My Wall Street Journal story on session beers got a bit of flack from people arguing that “true” session beers must be less than 5.0% ABV. As evidence, they cited their own blog manifestos. The 5.0 argument is, at best, supported by a dubious CDC definition of a “standard beer” as 5.0% ABV, and at worst, totally arbitrary. There’s nothing standard about craft beer. The average ABV rating of all 30,000 beers on Beer Advocate is almost 6.0%. No brewer I’ve ever talked to designs so-called session beers with any such guidelines. If the brewers don’t care, why should you? Arguing that a delicious 5.1% beer can’t be called a session beer, but a 5.0% one can, is a waste of precious drinking time. And session beers, if they’re about anything, are about drinking.
wall street journal
Tag: session beer
The Yerba Buena center was packed. The line to taste Russian River‘s very rare and very hoppy Pliny the Younger started at one wall and disappeared into the crowd, out of sight. It was almost as long as the line to the men’s room, where a guy wearing sunglasses declared, “Pliny is bullshit.” There was no line for the women’s room.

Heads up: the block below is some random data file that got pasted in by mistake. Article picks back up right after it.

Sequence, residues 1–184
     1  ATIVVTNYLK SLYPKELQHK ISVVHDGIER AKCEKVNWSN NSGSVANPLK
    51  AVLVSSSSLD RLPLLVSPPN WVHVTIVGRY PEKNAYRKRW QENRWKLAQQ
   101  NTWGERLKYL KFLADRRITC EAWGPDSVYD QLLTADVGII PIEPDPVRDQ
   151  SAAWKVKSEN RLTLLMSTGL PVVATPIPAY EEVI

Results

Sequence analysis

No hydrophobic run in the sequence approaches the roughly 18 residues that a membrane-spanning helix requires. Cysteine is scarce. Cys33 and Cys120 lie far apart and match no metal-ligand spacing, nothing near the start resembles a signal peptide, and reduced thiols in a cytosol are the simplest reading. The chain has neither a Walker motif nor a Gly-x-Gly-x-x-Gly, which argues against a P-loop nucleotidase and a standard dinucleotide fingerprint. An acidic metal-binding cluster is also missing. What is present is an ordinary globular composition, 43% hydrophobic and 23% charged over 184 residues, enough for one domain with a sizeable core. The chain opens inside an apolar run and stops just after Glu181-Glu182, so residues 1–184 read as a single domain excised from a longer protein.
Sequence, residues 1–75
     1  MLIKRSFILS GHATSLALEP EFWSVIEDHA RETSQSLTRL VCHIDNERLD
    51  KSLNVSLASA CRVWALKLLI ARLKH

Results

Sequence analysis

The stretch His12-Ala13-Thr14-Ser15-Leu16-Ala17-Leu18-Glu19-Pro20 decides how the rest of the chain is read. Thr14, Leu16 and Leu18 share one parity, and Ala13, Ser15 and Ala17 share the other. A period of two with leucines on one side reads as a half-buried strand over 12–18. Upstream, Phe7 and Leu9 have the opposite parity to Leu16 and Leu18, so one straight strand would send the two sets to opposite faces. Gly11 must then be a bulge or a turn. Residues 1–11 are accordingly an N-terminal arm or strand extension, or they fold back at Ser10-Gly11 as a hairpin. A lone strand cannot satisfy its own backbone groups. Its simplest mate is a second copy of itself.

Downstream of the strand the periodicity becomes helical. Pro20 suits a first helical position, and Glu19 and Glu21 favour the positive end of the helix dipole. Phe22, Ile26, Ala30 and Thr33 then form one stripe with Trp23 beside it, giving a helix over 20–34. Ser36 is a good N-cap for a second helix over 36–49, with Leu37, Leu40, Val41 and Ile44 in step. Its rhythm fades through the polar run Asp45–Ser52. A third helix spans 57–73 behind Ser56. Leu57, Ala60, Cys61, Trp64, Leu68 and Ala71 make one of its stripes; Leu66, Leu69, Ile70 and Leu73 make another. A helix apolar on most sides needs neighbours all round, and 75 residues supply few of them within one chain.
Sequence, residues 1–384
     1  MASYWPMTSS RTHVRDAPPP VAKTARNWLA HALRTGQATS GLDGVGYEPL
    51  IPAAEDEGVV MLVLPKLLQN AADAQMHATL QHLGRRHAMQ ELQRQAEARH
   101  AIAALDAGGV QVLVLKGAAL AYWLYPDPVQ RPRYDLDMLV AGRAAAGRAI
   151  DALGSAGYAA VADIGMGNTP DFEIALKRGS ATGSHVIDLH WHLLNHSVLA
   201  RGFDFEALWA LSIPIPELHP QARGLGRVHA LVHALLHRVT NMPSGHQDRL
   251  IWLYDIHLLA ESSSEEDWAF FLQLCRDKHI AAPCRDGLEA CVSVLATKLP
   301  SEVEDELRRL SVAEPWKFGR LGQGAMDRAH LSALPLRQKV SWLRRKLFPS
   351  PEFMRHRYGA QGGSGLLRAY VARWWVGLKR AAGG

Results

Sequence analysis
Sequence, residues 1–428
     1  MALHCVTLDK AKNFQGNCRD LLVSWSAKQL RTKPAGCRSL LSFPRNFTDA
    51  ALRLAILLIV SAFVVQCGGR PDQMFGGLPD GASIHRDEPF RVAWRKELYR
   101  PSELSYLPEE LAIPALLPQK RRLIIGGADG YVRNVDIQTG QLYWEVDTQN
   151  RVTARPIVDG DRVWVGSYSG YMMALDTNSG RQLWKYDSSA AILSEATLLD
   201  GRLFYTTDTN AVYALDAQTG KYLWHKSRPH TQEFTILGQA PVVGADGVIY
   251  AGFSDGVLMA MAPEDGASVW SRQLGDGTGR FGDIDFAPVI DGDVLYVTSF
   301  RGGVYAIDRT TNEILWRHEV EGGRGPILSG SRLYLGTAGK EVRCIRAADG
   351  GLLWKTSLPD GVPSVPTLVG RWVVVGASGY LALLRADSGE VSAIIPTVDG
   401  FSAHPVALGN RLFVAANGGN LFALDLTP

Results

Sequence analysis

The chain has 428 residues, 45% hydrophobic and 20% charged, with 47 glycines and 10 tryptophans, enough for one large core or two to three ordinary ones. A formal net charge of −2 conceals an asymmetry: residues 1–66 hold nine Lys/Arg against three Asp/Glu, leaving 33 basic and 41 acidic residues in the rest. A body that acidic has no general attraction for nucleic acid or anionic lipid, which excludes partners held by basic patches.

We had a good rye saison from Devil’s Canyon—the peppery saison yeast worked well with the rye’s natural spice—and a weird mugwort beer from Moonlight. It tasted a little like thyme, with a hint o’ mint at the end.
California is supposed to be laid back, but there was a lot of posturing going on, beers trying to out-sour, or out-hop each other. Lagunitas talked up their special release, Fusion: 280 IBUs, dry-hopped with four pounds of citras per barrel. It was OK; their stout was better. In the midst of the fray, I met a guy wearing a Great Lakes Brewing Company t-shirt and talked to him a little bit about Cleveland. He said Great Lakes’ beer is great, but he loves them even more because their food is just as good. That made me feel better. He reminded me of Magnolia Brewpub, home to an excellent pork sandwich and straight-forward, British beer, so we went there. They were pouring Pride of Branthill, a so-called “double ESB,” which sounds like big talk, but it tasted mild, full, and bready. As strong as the beer was, it was a nice respite from the more overdone offerings on tap.
A few tables poured “session beers,” lighter and easier to drink than their soured or dry-hopped cousins. There were no lines to try session beers. Anderson Valley‘s Wee Geech was delicious.
True relief came from North Coast, who were passing out Underbergs with each sip of bourbon-barrel-aged Old Rasputin. I predict a hangover-free morning.